Big challenges lay ahead for Scottish finances as John Swinney announces fresh cuts

It didn’t just rain at Holyrood, it poured as John Swinney stood up to deliver his update on the state of Scotland’s finances.

Cuts worth £500 million and changes to spending were announced by the stand-in finance secretary while, outside, the heavens opened.

The figures are stark in the challenge they outline.

Hide Ad
Read More
Energy announcement: How standing charges for energy bills in Scotland compare t...
Hide Ad

Nearly £40m in cuts to staff alone demonstrates the pain is not just monetary, with many public bodies and the government itself implementing a recruitment freeze.

Risks have also been taken on programme uptake, such as concessionary fares.

Hide Ad

The big questions remain unanswered. Will the Scottish budget be helped or hampered by the yet-to-be-outlined plans from Liz Truss?

We can expect more detail following her decisions in the Scottish Government’s own emergency budget, promised within two weeks of a ‘fiscal event’ in Westminster.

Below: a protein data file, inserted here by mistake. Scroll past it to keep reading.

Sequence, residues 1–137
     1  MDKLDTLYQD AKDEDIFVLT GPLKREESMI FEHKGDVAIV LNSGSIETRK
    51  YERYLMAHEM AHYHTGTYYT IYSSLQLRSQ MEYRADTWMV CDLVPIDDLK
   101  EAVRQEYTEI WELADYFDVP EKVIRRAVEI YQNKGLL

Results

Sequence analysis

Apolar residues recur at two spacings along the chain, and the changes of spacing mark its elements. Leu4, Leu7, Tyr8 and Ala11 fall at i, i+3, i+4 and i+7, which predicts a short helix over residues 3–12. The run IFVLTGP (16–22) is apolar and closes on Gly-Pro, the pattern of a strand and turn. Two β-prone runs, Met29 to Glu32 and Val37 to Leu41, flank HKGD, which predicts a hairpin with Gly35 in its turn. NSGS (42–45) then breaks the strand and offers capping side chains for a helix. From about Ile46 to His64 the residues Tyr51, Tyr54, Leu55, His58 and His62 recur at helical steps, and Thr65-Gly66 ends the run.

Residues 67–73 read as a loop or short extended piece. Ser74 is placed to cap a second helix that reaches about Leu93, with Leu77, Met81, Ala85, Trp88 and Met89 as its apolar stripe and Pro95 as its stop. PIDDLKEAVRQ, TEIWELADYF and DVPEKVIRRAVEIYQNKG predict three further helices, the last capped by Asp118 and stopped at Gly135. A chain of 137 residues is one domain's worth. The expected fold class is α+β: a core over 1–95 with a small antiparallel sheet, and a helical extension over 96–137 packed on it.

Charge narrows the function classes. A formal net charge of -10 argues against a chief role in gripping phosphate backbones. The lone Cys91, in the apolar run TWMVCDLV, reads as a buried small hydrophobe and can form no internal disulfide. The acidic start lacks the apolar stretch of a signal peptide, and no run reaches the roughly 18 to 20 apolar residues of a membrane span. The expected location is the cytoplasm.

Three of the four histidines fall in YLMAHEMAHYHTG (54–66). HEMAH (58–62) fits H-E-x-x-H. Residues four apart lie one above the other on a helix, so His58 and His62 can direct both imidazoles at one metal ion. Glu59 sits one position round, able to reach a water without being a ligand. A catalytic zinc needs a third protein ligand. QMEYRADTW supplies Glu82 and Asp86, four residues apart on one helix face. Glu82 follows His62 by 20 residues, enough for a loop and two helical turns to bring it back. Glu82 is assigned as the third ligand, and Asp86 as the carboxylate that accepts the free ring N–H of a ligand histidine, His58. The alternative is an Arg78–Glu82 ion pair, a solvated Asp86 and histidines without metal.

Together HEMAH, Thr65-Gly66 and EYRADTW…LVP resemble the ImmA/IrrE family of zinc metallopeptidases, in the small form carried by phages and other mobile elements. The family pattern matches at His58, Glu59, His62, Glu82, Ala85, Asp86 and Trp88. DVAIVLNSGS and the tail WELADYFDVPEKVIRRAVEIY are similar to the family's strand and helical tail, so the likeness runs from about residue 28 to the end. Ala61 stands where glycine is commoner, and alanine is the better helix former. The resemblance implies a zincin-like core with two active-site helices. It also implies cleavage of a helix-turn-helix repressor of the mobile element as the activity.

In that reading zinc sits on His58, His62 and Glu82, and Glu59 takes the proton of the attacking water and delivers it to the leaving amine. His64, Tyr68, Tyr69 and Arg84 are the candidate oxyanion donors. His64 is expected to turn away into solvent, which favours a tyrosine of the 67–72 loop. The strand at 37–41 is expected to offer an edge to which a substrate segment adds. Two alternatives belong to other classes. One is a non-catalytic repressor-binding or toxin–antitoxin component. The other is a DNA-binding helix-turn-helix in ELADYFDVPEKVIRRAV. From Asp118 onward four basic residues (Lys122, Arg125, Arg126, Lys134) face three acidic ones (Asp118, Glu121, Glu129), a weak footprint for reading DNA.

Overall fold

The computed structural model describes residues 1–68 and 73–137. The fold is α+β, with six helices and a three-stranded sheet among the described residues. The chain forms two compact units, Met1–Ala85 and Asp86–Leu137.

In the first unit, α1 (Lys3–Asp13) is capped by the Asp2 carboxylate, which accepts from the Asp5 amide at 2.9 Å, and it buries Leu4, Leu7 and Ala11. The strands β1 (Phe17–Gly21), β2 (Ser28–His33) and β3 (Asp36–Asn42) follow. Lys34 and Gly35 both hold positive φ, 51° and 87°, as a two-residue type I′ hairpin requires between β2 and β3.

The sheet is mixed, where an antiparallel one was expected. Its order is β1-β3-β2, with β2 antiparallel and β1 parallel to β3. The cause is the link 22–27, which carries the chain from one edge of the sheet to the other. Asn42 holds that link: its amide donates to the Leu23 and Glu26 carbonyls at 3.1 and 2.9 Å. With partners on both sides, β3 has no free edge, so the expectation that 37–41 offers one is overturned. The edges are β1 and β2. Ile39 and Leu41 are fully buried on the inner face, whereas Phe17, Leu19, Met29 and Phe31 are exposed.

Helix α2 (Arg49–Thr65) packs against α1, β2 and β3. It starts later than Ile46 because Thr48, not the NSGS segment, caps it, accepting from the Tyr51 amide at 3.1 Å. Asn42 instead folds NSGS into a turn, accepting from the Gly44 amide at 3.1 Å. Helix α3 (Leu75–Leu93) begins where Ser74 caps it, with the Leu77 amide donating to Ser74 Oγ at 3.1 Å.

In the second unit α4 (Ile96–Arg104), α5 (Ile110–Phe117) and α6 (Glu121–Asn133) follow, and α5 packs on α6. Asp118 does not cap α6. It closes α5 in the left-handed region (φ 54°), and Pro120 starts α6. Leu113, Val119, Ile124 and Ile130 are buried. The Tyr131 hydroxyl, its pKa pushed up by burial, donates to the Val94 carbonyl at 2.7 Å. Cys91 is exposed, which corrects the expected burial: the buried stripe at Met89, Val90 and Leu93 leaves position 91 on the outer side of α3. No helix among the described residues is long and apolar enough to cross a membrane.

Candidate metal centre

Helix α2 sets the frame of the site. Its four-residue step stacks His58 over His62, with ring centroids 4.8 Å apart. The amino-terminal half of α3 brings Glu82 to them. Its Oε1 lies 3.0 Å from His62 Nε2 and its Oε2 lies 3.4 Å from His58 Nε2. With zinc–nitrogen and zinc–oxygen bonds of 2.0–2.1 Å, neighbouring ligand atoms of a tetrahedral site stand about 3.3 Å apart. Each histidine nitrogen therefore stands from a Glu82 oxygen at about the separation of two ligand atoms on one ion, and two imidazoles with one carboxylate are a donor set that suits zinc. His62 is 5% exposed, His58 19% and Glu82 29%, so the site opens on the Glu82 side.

Hide Ad
Deputy First Minister John Swinney outlined more than £500m in cuts to the Scottish budget in Holyrood.

Looking further forward, the 2023/24 budget will have both a Truss government and a full-on economic crisis to deal with.

Hide Ad

The Scottish Government will be kidding themselves if they don’t plan for another year of increased pay demands from the public sector, cries for more funding from local government, and the annual plea for additional cash for long-suffering services. That, plus deferred spending pain from this year, could make for painful options. The choice will then be whether the Scottish Government chooses to raise income taxes – a penny rise would see around £500m extra in revenue – or stick to its guns.

A genuine tax-cutting PM could make that decision much harder, but there is also room for the first imaginative use of tax powers since the 2014 referendum.

Hide Ad

Beware also the spin of the opposition.

As tantalising it may be to attack the finance secretary for not cutting the planned £20m budget for an independence referendum, that money is not included in this year’s budget, instead forming part of the planning spending for 2023/24.

Hide Ad

When the finance secretary stands up to announce the budget in December and is forced to choose between £20m for indyref2 or £20m extra for additional cost of living help is when that argument will really bite. Government is, after all, all about choices.

All episodes of the brand new limited series podcast, How to be an independent country: Scotland’s Choices, are out now.

Hide Ad

It is available wherever you get your podcasts, including Apple Podcasts and Spotify.

Comments

 0 comments

Want to join the conversation? Please or to comment on this article.